Pathophysiology

Ethanol is a central nervous system depressant which inhibits neuronal activity, probably through its effects on cell membranes. Behavioral stimulation is often observed at low blood concentrations. Cross-tolerance exists between ethanol and other sedative-hypnotic agents, including benzodiazepines and barbiturates. Absorption occurs from the mouth and esophagus to a small extent, from the stomach and large bowel to a moderate extent, but chiefly from the proximal portion of the small bowel.

Gender-related differences in the metabolism of ethanol explain the considerably higher blood ethanol levels in women versus men after similar dosing on a gram-per-kilogram basis. Women have a smaller volume of distribution (0.6 L/kg) for ethanol than men (0.7 L/kg) and have decreased first-pass metabolism of ethanol because their gastric walls contain less alcohol dehydrogenase than do those of men. 4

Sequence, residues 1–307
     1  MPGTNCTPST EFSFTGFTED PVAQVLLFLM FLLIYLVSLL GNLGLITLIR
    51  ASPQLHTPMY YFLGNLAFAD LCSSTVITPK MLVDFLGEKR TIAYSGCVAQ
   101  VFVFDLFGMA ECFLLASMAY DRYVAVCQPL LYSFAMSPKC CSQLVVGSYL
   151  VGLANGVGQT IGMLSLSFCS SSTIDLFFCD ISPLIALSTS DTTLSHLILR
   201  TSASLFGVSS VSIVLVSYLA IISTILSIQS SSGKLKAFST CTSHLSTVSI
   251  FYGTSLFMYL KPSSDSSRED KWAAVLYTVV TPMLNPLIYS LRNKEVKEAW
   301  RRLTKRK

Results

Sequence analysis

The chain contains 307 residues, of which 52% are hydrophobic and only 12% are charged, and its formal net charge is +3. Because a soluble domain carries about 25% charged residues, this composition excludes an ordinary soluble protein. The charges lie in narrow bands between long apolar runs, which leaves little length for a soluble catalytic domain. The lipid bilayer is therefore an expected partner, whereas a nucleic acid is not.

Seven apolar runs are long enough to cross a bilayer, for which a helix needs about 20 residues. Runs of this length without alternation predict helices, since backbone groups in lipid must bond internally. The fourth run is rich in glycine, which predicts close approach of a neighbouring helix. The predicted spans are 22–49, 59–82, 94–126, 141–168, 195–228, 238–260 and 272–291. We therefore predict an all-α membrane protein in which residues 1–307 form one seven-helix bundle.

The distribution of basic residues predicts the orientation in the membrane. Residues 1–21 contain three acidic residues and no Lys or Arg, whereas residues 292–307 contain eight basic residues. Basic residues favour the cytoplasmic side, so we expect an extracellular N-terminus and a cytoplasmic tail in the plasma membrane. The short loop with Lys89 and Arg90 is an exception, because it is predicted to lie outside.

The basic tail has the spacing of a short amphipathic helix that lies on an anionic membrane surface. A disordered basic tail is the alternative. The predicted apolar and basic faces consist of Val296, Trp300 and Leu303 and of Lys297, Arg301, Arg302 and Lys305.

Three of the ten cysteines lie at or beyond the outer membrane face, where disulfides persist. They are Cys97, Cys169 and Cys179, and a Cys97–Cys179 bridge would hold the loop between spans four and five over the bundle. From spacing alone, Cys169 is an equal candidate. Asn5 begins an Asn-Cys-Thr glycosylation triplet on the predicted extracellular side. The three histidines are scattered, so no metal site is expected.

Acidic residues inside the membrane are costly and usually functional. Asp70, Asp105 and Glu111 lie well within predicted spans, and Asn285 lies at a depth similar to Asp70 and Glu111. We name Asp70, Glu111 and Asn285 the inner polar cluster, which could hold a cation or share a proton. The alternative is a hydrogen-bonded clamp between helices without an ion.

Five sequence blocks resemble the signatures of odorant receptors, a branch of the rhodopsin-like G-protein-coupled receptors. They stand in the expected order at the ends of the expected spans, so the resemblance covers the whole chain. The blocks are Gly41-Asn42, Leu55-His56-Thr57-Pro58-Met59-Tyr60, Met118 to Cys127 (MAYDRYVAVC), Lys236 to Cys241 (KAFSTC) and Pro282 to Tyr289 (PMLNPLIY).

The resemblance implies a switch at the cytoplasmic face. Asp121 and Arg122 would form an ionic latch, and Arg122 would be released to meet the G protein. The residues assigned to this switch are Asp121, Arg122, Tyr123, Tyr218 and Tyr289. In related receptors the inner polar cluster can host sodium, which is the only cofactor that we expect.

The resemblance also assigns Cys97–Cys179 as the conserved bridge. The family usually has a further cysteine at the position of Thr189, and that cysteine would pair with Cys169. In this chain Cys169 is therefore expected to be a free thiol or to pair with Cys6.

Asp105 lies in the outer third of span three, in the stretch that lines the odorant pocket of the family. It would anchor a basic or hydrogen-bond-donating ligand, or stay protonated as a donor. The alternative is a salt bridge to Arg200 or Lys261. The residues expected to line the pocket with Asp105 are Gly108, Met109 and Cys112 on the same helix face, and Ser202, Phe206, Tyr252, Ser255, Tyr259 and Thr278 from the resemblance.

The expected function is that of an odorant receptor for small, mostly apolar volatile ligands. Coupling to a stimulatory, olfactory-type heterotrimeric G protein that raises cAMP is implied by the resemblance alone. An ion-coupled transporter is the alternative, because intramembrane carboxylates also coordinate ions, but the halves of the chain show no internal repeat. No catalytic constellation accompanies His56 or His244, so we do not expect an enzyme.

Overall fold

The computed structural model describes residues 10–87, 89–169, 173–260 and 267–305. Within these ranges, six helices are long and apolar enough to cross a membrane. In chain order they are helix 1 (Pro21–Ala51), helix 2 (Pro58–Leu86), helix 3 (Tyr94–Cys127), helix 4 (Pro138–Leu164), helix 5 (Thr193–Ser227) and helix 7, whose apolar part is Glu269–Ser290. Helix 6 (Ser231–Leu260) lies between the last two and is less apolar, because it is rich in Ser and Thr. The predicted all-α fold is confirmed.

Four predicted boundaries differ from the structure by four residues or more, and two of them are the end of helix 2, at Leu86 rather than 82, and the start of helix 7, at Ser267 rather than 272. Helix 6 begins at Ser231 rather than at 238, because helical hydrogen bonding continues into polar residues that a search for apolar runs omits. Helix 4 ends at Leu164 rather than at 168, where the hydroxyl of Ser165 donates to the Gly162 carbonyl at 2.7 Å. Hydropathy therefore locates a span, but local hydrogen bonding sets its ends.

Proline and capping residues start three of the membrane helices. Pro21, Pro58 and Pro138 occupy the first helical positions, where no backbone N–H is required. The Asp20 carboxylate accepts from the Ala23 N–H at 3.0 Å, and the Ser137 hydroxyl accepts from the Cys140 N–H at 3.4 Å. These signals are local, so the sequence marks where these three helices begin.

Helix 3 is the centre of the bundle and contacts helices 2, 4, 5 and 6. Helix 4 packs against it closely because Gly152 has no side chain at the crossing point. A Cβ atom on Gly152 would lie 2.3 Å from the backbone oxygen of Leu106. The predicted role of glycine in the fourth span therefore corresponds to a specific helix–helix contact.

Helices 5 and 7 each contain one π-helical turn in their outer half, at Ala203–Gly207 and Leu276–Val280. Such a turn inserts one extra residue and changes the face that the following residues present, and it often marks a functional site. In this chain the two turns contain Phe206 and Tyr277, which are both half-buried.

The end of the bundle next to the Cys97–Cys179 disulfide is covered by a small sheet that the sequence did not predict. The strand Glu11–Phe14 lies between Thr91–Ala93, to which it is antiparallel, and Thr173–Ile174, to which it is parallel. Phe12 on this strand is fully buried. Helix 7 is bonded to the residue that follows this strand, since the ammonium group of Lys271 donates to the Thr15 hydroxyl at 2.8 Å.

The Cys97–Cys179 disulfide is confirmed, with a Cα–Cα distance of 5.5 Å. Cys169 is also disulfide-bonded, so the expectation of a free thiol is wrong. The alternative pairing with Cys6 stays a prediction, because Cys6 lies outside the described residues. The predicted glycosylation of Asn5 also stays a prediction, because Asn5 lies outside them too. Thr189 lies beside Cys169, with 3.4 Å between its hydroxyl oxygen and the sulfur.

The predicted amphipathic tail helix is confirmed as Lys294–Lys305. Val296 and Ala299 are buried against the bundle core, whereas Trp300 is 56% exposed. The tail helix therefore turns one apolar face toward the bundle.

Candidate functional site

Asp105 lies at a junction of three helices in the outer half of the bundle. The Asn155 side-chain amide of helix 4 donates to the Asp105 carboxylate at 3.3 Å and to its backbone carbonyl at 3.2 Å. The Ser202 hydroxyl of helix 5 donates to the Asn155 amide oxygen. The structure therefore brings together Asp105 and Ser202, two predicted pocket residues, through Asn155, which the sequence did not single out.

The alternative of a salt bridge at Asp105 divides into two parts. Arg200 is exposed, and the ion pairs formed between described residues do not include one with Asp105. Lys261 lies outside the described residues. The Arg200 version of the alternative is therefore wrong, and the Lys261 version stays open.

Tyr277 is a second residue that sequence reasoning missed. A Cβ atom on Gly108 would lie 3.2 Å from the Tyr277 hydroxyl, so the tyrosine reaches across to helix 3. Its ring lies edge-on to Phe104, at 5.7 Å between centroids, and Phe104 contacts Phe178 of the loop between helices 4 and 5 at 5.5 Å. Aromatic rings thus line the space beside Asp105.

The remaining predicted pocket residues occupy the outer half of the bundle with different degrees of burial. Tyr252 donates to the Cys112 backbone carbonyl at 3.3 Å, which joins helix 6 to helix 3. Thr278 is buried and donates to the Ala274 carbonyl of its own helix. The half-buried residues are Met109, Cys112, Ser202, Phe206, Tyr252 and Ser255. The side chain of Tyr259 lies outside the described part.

Approximately 2 to 10 percent of ethanol may be excreted by the lungs, in urine, or in sweat, the proportion being dependent on blood concentration. The remainder is metabolized to acetaldehyde in the liver by one of two pathways. In the cell, cytosol alcohol dehydrogenase with nicotinamide adenine dinucleotide as a cofactor produces acetaldehyde, which in turn is metabolized by aldehyde dehydrogenase. The second pathway, which is clinically significant at high blood ethanol concentrations and has increased activity with repeated exposures to ethanol, is a microsomal alcohol oxidizing system.

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